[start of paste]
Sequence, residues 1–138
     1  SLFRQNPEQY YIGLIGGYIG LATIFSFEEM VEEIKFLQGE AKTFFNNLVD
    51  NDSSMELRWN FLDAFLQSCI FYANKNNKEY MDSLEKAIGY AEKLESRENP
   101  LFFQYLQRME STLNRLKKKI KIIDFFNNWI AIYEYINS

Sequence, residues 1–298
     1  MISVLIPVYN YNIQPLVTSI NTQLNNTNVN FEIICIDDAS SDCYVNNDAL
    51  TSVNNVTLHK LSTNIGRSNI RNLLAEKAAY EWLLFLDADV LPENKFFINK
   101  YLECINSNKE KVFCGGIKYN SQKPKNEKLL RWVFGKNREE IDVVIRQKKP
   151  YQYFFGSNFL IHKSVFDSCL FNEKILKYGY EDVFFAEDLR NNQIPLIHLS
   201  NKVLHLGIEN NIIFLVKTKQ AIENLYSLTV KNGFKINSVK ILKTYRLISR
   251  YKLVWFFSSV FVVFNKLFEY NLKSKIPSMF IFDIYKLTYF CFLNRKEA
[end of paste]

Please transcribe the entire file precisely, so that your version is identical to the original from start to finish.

Sequence, residues 1–138
     1  SLFRQNPEQY YIGLIGGYIG LATIFSFEEM VEEIKFLQGE AKTFFNNLVD
    51  NDSSMELRWN FLDAFLQSCI FYANKNNKEY MDSLEKAIGY AEKLESRENP
   101  LFFQYLQRME STLNRLKKKI KIIDFFNNWI AIYEYINS

Sequence, residues 1–298
     1  MISVLIPVYN YNIQPLVTSI NTQLNNTNVN FEIICIDDAS SDCYVNNDAL
    51  TSVNNVTLHK LSTNIGRSNI RNLLAEKAAY EWLLFLDADV LPENKFFINK
   101  YLECINSNKE KVFCGGIKYN SQKPKNEKLL RWVFGKNREE IDVVIRQKKP
   151  YQYFFGSNFL IHKSVFDSCL FNEKILKYGY EDVFFAEDLR NNQIPLIHLS
   201  NKVLHLGIEN NIIFLVKTKQ AIENLYSLTV KNGFKINSVK ILKTYRLISR
   251  YKLVWFFSSV FVVFNKLFEY NLKSKIPSMF IFDIYKLTYF CFLNRKEA